I first became interested in Mediterranean agriculture when my older son, Steve, joined the Peace Corps and was sent to a small village in the Middle Atlas Mountains of Morocco. When my husband and I visited him there, I was struck by how similar the landscape was to the landscape of northern California-hillsides studded with oak and olive trees, wet winters, wildflowers in spring, dry summers with brown grasses. I was amazed by the sheer number of crops common to Morocco and California: olives, wheat, almonds, figs, wine grapes, citrus, apricots, artichokes, peaches, prickly pear, persimmons, and pomegranates, to name a few.
I'm equally fascinated by the differences in agricultural practices. Farmers in California plant crops in uniform rows and keep the ground free of weeds. Moroccan farmers jumble date palms, almonds, olives, and pomegranates together into the same watering basin. The availability of water, machinery, and labor, the quality of the soil, the geography, the size of plots, and the farmer's production goals-all affect his or her farming methods. In this series of paintings, I reflect on the richness of Mediterranean agriculture and on each region's unique relationship to the land and its resources.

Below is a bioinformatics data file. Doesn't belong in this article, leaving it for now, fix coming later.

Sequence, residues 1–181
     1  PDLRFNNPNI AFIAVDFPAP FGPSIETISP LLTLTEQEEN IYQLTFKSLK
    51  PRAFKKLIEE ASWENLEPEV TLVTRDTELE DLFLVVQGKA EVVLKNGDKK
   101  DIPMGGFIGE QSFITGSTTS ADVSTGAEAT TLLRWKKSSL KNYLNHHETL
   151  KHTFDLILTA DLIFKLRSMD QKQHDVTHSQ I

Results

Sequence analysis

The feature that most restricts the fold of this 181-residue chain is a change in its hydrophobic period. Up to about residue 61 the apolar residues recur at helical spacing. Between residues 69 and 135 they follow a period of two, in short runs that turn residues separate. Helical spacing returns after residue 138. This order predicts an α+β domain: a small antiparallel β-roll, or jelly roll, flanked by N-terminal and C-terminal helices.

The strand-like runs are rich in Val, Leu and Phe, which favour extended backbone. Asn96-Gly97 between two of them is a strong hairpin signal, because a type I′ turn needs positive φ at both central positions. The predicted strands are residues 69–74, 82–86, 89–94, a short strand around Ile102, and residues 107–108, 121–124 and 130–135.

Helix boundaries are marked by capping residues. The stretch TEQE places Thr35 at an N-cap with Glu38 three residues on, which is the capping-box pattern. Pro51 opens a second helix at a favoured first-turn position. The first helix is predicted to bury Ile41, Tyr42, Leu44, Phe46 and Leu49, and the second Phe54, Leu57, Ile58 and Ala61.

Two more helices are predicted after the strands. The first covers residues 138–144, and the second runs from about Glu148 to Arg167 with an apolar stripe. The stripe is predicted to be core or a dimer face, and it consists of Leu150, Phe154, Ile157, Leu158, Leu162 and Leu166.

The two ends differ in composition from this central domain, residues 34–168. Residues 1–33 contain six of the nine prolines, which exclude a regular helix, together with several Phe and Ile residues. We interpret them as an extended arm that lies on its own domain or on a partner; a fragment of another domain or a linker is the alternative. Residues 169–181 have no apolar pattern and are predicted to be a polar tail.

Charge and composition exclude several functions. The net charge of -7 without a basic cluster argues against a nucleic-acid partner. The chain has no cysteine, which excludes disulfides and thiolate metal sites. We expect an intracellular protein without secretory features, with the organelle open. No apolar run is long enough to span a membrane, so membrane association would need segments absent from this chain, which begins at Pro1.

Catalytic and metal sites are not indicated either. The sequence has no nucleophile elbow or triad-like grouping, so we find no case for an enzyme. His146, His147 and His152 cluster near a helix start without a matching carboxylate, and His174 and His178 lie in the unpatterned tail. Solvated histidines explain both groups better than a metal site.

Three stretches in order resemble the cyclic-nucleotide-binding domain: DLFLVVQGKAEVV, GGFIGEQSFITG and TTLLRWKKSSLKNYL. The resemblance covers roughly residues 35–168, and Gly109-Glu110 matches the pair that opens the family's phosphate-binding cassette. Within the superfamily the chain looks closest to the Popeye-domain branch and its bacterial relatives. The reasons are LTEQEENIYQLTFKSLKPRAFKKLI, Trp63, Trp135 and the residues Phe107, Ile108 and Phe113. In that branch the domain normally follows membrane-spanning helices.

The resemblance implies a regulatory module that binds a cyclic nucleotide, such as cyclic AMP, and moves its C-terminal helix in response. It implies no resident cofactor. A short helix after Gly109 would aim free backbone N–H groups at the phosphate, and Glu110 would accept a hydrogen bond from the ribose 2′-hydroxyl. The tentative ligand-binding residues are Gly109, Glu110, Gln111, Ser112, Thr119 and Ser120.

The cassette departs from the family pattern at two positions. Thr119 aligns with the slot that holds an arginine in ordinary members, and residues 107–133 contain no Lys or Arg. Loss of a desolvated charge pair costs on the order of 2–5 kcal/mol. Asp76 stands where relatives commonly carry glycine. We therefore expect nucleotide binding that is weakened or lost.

I paint in dabs of red, yellow, and blue, akin to the technique of the Impressionists. Using dabs of bright, pure color is the best way I know to capture the brilliant sunlight of these hot summer regions. This palette might seem confining, but it is in fact freeing. The limited palette forces me to consider more fully the quality of light and the range of colors of the scene. And it encourages experimentation. I am constantly learning new things about the nature of color and of art.
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